Myanmar authorities ordered telecoms companies to shut down internet services in conflict-torn western Myanmar, a leading operator said on Saturday, amid heightening tensions in the region, where government troops are fighting ethnic rebels.
Telenor Group said the Ministry of Transport and Communications directed all telecoms companies to ‘temporarily’ suspend internet services in nine townships in Rakhine and neighbouring Chin states, citing ‘disturbances of peace and use of internet activities to coordinate illegal activities’.
At a press conference on Saturday, a military spokesman said the army had no information about the shutdown.
‘We didn’t do it. We don’t know about that,’ said Brigadier General Zaw Min Tun.
The shutdown went into effect late on Friday, the Telenor statement said.
A spokesman for the transport and communications ministry declined to comment, referring questions to another spokesman who did not answer phone calls.
Meanwhile, Malaysia on Saturday said the perpetrators of violence against Myanmar’s Rohingya minority must ‘be brought to justice’, in sharp comments delivered at a normally tame regional summit.
Myanmar does not recognise the Rohingya as citizens, instead officially labelling them ‘Bengalis’, short-hand for illegal immigrants from neighbouring Bangladesh.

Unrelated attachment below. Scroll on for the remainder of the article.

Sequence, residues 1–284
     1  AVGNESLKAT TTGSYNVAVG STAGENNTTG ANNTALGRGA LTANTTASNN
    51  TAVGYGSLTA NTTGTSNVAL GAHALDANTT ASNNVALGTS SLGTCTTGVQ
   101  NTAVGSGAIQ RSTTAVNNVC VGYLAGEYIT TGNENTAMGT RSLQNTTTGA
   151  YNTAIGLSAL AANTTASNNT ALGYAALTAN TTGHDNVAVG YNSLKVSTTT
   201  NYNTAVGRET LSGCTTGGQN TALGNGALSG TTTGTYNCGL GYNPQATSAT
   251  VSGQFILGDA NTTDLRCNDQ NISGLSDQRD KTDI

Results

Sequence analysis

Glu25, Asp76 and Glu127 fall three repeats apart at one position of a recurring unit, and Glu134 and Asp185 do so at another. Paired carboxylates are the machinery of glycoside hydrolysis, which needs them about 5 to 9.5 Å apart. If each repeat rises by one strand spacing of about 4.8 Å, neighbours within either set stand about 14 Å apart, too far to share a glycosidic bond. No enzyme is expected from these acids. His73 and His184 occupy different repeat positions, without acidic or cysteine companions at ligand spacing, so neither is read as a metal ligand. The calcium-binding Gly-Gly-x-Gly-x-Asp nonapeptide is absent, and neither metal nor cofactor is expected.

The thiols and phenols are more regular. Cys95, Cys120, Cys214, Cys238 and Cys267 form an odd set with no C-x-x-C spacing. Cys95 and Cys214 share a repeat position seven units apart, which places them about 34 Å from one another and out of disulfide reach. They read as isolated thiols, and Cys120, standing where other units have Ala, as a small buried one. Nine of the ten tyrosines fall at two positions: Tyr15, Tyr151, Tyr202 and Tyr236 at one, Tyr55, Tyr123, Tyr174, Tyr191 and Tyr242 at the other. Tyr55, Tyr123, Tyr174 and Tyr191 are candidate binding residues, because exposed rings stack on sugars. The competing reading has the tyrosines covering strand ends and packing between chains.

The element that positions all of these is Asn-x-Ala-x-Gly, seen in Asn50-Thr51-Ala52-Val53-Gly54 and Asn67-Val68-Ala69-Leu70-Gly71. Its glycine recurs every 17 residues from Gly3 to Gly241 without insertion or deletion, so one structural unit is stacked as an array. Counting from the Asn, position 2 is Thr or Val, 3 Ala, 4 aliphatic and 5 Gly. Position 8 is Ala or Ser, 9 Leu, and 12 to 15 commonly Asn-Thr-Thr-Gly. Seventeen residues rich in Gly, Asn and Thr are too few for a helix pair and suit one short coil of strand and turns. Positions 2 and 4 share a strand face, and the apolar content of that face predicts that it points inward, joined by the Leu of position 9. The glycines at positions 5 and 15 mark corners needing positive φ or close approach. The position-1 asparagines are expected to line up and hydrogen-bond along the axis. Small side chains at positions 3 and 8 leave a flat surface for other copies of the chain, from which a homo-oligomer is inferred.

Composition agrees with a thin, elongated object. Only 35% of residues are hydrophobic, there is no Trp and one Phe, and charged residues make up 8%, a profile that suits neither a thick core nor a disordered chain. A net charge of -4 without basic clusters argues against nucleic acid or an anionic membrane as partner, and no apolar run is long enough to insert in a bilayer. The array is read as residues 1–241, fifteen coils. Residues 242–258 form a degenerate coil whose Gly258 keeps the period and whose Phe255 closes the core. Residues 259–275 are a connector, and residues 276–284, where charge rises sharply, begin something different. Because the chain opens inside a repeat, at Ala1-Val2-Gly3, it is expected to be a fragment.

In talks Saturday with Southeast Asian counterparts, Malaysia’s foreign minister Saifuddin Bin Abdullah called for the ‘perpetrators of the Rohingya issue to be brought to justice’, his ministry said in Tweet.
He also said repatriation of the minority from the fetid, overcrowded refugee camps of Bangladesh ‘must include the citizenship of the Rohingya.’ Malaysia, a Muslim country which hosts a large Rohingya refugee population, is one of the few members of the Association of Southeast Asian Nations to speak up for the minority.
Want stories like this in your inbox?
Sign up to exclusive daily email
More Stories from South Asia